Incline with Pulley, find the mass of one block.

1. Jun 19, 2013

Nirupt

1. The problem statement, all variables and given/known data

A 20.0 kg block rests on a frictionless inclined plane of slope angle 30.0 degrees. A light cord attached to the block passes over a frictionlesss pulley at the top of the plane and is attached to a second block. What must be mass of the second block if the system is to be accelerating up and to the right at 2.00 m/s2?

https://dist-ed.waketech.edu/course...63858134f05bd87414264516909/InclineAtwood.png

Is a link to the image.

I found in class that the answer is 17.7 kg.. however I am stumped on where the numbers should go.

2. Relevant equations

3. The attempt at a solution
http://hyperphysics.phy-astr.gsu.edu/hbase/incpl.html#c1 is the link where I use my formulas

Well I do know that if I isolate the mass on the incline

ƩFnetx = -m1g * sin(30°) + Fτ = 2*20

I got 2*20 because of ma, and I know for m1g I substitute (20*9.8) I also know that acceleration is going up the incline, and if I were to remove the pulley and put them on the x-axis, it would be going to the right which is positive, therefore, the acceleration is positive.

Solving for that I get, Fτ = 138N which I know to be true

Now.. isolating m2 I get
ƩFnetx = -Fτ + m2g = 2m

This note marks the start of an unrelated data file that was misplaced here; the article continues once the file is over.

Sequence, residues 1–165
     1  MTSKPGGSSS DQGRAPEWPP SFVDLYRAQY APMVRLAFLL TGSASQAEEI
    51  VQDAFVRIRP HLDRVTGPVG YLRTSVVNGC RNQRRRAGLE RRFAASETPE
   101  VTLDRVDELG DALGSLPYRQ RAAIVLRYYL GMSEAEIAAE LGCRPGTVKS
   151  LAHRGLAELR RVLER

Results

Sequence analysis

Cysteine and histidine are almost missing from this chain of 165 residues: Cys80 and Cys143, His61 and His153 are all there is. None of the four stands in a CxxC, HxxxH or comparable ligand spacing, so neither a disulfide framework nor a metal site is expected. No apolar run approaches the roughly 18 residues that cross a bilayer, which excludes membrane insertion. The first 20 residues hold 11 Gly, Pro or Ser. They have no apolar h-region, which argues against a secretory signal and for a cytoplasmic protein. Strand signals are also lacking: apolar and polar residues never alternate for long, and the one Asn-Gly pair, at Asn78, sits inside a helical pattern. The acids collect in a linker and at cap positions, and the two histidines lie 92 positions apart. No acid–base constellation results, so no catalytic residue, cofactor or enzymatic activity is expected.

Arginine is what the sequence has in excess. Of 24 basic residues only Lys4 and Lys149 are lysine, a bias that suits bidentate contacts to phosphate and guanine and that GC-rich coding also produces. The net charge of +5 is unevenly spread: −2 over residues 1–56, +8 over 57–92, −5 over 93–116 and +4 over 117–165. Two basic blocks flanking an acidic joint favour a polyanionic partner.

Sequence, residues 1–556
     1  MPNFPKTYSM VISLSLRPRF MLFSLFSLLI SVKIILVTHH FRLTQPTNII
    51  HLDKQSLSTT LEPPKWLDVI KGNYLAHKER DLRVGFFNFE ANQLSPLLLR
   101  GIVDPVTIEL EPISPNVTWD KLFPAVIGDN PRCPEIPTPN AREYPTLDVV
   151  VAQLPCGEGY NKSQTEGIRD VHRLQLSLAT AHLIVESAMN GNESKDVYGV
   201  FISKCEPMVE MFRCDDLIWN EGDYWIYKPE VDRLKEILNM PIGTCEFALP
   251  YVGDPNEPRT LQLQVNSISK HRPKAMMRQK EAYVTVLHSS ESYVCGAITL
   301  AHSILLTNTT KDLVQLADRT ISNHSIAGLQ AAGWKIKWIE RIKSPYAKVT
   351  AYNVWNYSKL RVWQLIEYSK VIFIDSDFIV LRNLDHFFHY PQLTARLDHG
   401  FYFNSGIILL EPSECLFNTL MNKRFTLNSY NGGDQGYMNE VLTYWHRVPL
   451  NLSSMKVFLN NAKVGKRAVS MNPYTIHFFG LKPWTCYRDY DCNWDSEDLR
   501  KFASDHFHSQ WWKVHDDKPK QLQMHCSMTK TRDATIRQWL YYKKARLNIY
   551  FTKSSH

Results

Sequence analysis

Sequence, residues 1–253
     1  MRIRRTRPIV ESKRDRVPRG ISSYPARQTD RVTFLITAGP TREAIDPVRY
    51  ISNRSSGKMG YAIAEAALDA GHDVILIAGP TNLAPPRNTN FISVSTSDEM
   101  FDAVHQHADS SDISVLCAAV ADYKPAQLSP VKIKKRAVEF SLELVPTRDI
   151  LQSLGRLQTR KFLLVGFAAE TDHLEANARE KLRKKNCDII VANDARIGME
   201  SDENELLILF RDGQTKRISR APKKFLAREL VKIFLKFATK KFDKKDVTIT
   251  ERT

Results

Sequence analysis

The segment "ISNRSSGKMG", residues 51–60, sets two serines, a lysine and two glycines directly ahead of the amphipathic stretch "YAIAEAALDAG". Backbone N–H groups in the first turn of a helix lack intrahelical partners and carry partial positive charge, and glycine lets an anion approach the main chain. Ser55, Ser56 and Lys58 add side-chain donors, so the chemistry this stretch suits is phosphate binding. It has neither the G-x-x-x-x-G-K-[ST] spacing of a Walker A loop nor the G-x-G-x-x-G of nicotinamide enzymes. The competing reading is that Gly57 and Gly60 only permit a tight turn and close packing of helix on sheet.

however I have two masses??

In a previous problem when I had to find the mass of m2 if I wanted the objects to be at rest or constant velocity (so I assumed F=ma, but the sum would be 0). I ended up finding the weight of M2 being 98N.. would I plug that in for m2g? I guess not considering it doesn't give me the answer.. but I just wanted some feedback on this.

2. Jun 19, 2013

PhanthomJay

Your last equation should read ƩFnetx = -Fτ + (m_2)g = 2(m_2). Now do the algebra correctly to solve for m_2!

3. Jun 20, 2013

Nirupt

So I write the Equation..

m_2 = -138 + m_2g
--------------------
2

However, I still scratch my head at this, and I'm not sure if substituting would work either. Sorry if my algebra skills seem to be lacking... it is 1:37 a.m. where I am at currently.

4. Jun 20, 2013

Bill Nye Tho

Bring all of the mass dependant quantities to one side and factor it out. Divide the -Ft by accel - grav. You should end up with m_2 = (-138.1)/(2-9.81)